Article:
Breeding Pierce’s Disease Resistant Table and Raisin Grapes and the Development of Markers from Seus Sources of Resistance
Crop Diseases, Pests and Genetics
2009 Annual Report
1a.Objectives (from AD-416)
Develop Pierce’s disease (PD) resistant table and raisin grape germplasm/cultivars with fruit quality equivalent to standards of present day cultivars. Develop molecular markers for Xf/PD resistance in a family from southeastern United States (SEUS).
1b.Approach (from AD-416)
1) Backcross BC1, BC2, BC3 hybrids (F8909-08 V. arizonica source of resistance) that have been selected for Pierce’s Disease (PD) resistance to high quality V. vinifera seedless table and raisin grapes. .
2) Backcross F1 and BC1 resistant bunch grapes from native SEUS source of PD resistance as identified by greenhouse tests with high quality V. vinifera seedless table and raisin grapes. .
3) Use embryo rescue to facilitate the hybridization of seedless parents. .
4)Use molecular markers to select resistant F8909-08 backcross seedlings. .
5)Select seedlings with highest fruit quality and test in the greenhouse to determine resistance. .
6) Field test best resistant selections for PD resistance under natural conditions. .
7)Perform production and quality trials of selections that have commercial potential. .
8)Develop rough framework map of V. vinifera table grape X BD5-117 family to locate PD resistant QTL and develop molecular markers for marker assisted selection. Documents Trust with the Consolidated Central Valley Table Grape Pest and Disease Control District.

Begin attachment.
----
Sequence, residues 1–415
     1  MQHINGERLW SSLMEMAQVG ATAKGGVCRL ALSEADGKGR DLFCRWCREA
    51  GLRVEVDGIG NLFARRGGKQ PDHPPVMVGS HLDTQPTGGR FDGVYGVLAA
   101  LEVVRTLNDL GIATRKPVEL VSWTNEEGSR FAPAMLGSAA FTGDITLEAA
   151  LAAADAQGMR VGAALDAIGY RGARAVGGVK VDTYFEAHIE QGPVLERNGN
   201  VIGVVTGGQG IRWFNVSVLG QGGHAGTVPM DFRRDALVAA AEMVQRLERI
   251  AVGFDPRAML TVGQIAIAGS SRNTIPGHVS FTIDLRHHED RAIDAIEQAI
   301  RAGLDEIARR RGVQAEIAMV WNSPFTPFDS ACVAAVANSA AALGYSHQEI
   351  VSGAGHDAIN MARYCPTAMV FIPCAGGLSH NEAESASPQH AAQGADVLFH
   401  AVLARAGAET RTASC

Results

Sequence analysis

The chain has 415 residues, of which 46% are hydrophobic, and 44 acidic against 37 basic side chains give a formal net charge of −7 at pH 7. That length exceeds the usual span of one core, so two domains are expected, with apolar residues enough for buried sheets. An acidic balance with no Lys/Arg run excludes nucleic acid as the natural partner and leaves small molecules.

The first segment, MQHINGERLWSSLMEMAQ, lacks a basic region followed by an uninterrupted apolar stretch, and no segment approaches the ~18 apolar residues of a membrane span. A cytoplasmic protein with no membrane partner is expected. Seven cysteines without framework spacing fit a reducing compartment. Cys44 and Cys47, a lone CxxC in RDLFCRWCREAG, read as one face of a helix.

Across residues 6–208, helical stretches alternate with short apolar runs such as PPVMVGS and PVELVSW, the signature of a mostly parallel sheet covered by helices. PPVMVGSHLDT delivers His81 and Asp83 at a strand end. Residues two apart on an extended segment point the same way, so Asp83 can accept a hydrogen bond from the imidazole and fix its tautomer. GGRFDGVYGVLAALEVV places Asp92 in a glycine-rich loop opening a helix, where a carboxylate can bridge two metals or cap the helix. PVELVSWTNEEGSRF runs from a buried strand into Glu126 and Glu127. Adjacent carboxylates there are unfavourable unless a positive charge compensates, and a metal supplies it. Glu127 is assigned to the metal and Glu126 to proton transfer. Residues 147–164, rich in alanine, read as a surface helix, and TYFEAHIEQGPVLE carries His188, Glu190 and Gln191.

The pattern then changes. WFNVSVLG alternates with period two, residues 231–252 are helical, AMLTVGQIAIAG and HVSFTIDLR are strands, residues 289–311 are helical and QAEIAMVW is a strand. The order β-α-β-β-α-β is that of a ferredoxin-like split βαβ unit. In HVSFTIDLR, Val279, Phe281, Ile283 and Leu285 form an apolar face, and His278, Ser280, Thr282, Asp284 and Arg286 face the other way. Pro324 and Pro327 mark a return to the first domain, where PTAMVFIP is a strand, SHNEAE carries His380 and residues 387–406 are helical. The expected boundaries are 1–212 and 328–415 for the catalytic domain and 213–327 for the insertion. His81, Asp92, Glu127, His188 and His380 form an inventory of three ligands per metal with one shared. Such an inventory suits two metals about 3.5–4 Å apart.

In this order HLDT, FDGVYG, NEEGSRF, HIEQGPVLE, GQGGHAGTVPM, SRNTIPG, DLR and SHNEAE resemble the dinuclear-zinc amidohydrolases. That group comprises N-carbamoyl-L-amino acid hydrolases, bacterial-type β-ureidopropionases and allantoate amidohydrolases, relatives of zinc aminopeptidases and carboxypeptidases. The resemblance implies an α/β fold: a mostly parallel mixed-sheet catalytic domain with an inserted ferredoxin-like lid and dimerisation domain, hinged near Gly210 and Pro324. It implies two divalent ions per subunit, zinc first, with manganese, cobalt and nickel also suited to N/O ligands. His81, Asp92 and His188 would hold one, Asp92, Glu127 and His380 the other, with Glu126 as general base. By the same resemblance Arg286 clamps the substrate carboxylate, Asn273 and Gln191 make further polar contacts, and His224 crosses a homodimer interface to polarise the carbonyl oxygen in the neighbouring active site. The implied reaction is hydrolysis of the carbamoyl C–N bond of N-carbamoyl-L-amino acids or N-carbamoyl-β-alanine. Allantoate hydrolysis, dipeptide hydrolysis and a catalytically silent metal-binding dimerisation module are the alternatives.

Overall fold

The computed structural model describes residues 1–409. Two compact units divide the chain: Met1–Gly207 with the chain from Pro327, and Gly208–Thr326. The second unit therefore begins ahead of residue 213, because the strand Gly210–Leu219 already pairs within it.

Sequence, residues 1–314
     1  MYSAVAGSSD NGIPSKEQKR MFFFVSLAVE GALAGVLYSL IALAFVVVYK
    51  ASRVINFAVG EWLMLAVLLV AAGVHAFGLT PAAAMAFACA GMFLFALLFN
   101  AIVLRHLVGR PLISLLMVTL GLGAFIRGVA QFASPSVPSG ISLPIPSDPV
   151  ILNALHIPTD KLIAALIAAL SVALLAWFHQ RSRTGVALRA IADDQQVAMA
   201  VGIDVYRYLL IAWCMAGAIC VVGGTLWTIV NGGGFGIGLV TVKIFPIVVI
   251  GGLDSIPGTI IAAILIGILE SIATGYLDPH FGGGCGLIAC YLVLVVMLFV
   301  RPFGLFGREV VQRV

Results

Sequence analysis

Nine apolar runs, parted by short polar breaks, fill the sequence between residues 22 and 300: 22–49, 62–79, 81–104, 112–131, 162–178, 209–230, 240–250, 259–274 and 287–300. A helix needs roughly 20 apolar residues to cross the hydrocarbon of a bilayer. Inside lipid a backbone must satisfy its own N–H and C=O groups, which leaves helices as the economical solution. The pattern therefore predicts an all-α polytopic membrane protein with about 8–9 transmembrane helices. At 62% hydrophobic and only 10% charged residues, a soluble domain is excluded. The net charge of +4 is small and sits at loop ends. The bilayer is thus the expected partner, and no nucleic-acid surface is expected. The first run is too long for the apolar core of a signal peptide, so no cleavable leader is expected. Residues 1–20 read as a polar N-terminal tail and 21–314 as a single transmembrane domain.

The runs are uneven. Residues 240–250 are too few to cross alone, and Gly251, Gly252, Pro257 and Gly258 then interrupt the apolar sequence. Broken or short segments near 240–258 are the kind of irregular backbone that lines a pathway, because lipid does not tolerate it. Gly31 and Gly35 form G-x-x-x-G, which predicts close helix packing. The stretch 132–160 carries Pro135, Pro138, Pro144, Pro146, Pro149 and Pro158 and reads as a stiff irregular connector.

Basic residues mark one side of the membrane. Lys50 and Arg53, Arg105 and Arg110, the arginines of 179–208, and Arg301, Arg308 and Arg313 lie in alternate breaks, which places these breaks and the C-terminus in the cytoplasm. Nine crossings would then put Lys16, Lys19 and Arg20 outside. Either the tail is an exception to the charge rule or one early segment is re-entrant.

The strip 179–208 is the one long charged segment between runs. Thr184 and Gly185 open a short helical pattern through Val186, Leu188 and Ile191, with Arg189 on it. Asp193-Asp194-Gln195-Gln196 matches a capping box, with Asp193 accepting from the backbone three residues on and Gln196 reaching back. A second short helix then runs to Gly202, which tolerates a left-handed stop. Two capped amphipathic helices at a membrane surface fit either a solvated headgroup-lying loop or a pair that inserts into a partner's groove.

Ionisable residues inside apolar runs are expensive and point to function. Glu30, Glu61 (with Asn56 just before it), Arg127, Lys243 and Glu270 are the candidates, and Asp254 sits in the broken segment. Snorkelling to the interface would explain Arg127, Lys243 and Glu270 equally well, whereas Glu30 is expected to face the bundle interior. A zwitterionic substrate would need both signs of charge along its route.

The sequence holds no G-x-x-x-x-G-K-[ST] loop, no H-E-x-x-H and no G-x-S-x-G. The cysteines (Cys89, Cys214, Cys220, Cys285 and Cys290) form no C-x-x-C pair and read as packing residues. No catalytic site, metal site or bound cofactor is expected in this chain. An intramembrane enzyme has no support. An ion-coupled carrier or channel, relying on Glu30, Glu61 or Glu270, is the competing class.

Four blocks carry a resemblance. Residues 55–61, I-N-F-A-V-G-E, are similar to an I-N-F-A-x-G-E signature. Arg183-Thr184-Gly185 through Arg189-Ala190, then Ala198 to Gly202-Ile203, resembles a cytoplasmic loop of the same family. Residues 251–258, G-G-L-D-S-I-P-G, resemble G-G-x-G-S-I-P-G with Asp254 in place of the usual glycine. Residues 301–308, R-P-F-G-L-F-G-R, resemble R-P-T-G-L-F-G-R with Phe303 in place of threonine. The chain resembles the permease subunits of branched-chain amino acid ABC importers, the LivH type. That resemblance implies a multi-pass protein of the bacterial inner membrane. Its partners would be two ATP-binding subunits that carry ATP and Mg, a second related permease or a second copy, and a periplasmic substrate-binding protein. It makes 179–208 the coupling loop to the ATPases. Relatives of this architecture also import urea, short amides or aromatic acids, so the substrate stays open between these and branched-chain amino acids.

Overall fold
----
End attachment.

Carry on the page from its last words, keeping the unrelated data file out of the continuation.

Pierce’s disease (PD) resistant table and raisin grape varieties are needed to overcome the increased incidence of PD as a result of the introduction of the glassy-winged sharpshooter. Fruit quality of the resistant varieties needs to be equivalent to varieties currently grown so they are commercially acceptable. Progress in making additional backcross generations to combine high quality table and raisin grapes with Pierce’s disease (PD) is continuing. Fifty-one seedless x seedless crosses to develop additional BC1 to BC4 V. arizonica and BC1 Southeast United States (SEUS) BD5-117 families were made. The crosses consist of 55,606 emasculations from which 12,216 ovules were cultured. With continued backcrossing, fruit quality and seedlessness is being increased while keeping PD resistance. Powdery mildew resistance was included in eight of the crosses. Molecular markers were successfully used to detect PD resistant individuals at a young seedling stage in the greenhouse for two BC2 and 12 BC3 families (V. arizonica source of resistance) consisting of 1,191 individuals from 2007 crosses. 363 seedlings were rated resistant and planted in the field. In November, 2008, seedlings in test tubes from 12 crosses made in 2008 were tested with molecular markers and 134 resistant plants identified from 360 individuals. Greenhouse screening for Xf resistance was completed on 150 selections and 63 of the 64 resistant individuals were from V. arizonica. Twelve resistant selections have been planted in the field at Weslaco, Texas to determine field resistance. The BD5-117 F1 family for development of additional molecular markers associated with PD resistance has been increased to over 500 plants this year. This meets our goal for the population size. BD5-117 has given the highest number of resistant offspring of any of the SEUS resistant selections to date and makes an excellent choice for study to develop molecular markers. Fruit of these seedlings was evaluated for cluster size, berry size, percent soluble solids and seed/aborted seed size. Cuttings of all 154 F1 BD5-117 seedlings were made for evaluation of PD resistance in the greenhouse. Testing of 125 individuals is complete, with 25 being resistant. 105 polymorphic primers for Simple Sequence Repeat DNA markers have been identified and 75 were labeled with fluorescent tags to analyze all 154 individuals. The project is monitored through active involvement in the day-to-day research activities, and through discussions with the Cooperator and interested stakeholders at the California Department of Food and Agriculture’s Annual Pierce’s Disease Research Symposium.